Reading boosts intelligence
Studies have shown that reading can increase your vocabulary and your intelligence. For those of you who are avid readers, you can be safe in the knowledge that your pastime is providing a wealth of benefits for your health and wellbeing. Through reading books, you can learn new things and experience different cultures. Research has shown cognitive differences between those who read a lot and those who read a little. Being exposed to more written information is linked with improved general knowledge and verbal skills.
The world belongs to those who read: 10 tips to help you read more books
1. Never be without a book
Make sure that you always have a book to hand wherever you are. It will make it easier to squeeze in some reading whenever you have a spare few minutes whether that is on the train, the bus, or waiting at the dentist. No matter how busy your schedule, try to squeeze in a spare few minutes in your day to read. If there is no room in your bag for a hardcover book, you can download a book onto your smartphone or reading device. Picking up a book can be so much more rewarding than checking your social media newsfeed.
2. Get into a regular habit
Make reading part of your daily routine by scheduling a regular time each morning or evening. Creating a routine each day will soon make reading become a habit. A great technique, if you are short on time, is to read in sprints. All you have to do is set a timer and read until the time is up. This is also a great tip if your mind tends to wander while you are reading, as it will help to keep you focused.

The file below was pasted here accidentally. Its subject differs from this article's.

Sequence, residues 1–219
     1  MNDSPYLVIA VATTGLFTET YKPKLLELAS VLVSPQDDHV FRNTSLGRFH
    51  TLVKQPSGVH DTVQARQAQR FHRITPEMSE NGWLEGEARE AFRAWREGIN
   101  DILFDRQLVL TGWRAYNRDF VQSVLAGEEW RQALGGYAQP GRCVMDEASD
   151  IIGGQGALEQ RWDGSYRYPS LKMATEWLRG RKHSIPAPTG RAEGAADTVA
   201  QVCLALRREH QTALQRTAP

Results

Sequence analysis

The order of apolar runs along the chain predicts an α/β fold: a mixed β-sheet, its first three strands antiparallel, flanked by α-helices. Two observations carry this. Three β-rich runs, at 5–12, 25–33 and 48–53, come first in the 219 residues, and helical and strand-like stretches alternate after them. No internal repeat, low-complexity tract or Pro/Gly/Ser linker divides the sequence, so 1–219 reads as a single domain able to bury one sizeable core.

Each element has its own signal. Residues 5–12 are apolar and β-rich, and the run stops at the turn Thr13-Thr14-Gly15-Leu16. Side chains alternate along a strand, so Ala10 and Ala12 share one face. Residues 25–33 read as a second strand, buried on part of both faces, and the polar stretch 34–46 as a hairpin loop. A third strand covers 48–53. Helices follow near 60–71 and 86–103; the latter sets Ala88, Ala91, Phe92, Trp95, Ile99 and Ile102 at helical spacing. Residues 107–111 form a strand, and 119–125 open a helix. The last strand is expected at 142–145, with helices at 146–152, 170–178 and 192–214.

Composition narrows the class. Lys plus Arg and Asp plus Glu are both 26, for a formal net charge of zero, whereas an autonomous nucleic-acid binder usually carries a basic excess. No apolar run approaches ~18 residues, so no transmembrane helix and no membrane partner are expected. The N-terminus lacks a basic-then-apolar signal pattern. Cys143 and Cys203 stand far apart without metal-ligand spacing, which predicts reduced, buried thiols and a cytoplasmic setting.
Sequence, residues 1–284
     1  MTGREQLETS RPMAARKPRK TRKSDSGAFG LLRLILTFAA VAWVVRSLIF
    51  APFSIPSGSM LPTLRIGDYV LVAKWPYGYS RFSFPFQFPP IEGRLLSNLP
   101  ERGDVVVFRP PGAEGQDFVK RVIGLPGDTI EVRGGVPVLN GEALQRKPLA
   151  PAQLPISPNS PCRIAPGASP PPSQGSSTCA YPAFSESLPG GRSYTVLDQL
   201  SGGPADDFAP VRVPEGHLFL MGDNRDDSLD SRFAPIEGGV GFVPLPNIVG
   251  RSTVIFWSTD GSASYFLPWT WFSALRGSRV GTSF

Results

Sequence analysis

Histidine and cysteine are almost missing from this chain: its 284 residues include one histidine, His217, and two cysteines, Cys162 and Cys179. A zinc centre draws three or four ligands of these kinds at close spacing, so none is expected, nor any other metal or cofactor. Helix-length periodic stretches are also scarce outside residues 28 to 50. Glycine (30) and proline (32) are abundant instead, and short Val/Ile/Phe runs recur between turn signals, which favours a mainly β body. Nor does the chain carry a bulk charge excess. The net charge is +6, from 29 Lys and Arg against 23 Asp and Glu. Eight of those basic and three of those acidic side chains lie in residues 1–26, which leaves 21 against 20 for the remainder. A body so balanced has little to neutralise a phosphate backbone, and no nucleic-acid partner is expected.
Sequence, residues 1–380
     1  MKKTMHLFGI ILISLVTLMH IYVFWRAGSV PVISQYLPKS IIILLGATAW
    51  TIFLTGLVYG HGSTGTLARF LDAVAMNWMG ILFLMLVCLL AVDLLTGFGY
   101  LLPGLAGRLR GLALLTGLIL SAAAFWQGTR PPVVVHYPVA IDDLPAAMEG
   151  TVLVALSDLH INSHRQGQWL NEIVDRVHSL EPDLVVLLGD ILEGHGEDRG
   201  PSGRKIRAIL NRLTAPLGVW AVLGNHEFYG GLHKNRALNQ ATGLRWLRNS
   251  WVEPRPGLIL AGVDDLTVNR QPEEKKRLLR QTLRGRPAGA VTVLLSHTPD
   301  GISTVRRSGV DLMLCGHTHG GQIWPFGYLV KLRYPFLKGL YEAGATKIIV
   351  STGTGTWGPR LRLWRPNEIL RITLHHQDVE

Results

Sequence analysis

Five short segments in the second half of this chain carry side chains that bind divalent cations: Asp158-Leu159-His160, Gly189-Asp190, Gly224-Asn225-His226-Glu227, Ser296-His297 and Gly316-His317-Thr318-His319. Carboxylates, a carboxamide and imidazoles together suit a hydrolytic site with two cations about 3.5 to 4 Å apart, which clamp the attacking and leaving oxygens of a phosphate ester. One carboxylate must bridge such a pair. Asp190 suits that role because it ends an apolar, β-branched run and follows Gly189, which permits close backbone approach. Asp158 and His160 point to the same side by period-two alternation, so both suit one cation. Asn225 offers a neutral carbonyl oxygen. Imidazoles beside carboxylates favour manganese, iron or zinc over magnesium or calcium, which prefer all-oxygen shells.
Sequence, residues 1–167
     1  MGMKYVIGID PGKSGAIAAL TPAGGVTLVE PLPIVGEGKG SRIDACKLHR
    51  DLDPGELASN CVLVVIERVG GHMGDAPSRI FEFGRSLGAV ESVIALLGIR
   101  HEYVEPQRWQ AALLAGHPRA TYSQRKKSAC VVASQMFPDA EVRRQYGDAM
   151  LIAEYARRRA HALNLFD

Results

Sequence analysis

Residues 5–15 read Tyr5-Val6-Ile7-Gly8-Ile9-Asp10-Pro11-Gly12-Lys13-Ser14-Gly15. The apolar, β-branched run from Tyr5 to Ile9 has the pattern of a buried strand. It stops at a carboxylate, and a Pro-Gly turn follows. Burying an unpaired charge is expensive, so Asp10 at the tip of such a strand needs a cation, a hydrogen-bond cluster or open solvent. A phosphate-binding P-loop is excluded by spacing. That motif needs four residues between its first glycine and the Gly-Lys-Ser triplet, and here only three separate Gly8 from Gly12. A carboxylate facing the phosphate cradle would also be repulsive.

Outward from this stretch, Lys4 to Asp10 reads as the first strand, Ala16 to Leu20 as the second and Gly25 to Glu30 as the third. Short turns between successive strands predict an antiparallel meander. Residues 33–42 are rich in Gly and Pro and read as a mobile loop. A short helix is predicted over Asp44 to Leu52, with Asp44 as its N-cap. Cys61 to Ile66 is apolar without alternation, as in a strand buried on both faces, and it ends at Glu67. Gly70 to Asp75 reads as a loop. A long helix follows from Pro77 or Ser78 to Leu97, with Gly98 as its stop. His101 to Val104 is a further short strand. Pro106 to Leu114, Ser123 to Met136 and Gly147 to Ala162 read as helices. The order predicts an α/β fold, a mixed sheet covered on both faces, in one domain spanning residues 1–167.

3. Prepare your reading list in advance
Always have a mental or physical list of books you want to read, whether it is a classic or a new release. Once you come to the end of a novel, do not let not having your next title lined up be the thing that holds you back and gets you out of your habit. Make sure that you have a trusted referral source that can recommend books so that your list is fresh and you are always excited for the next book.
4. Listen to audiobooks
Audiobooks are a good way to familiarise yourself with storytelling because it allows you to multitask. Swap your monthly music playlist for a good story. You can listen anywhere at any time, whether this may be in the car, at the gym, or cleaning the house. Of course, listening to an audiobook is not reading but it can help you get back into the habit of following a story. Why not try a book series by listening to the first title as an audiobook and then shifting to a physical book for the follow-up.
5. Join a book club
Make reading social. Joining a book club is a great way to get reading, meet new people, hear recommendations, and generally get into more contact with books. You can discuss with others what you enjoyed about the novel or how you could not stand the suspense. It will encourage you to read things that you would not normally and you never know, you may find a genre that you love but had always dismissed. A book club is also a great way of getting more out of a title. Hearing other people’s interpretations, whether you agree with them or not, will help you think more about your reading. This is useful for setting yourself a target of finishing the book.
6. Do not be afraid to give up on books you are not enjoying
Do not feel obliged to finish a book just because you started it. Reading can feel like a chore if you are just trying to get to the end of the story for the sake of it. Do not feel guilty for leaving a book unfinished if you are not enjoying it. Move on to the next book on your list. You never know, you may want to return to a forgotten book another time. Do not feel obliged to complete everything you have started. The more enjoyable your read, the quicker you will get through it.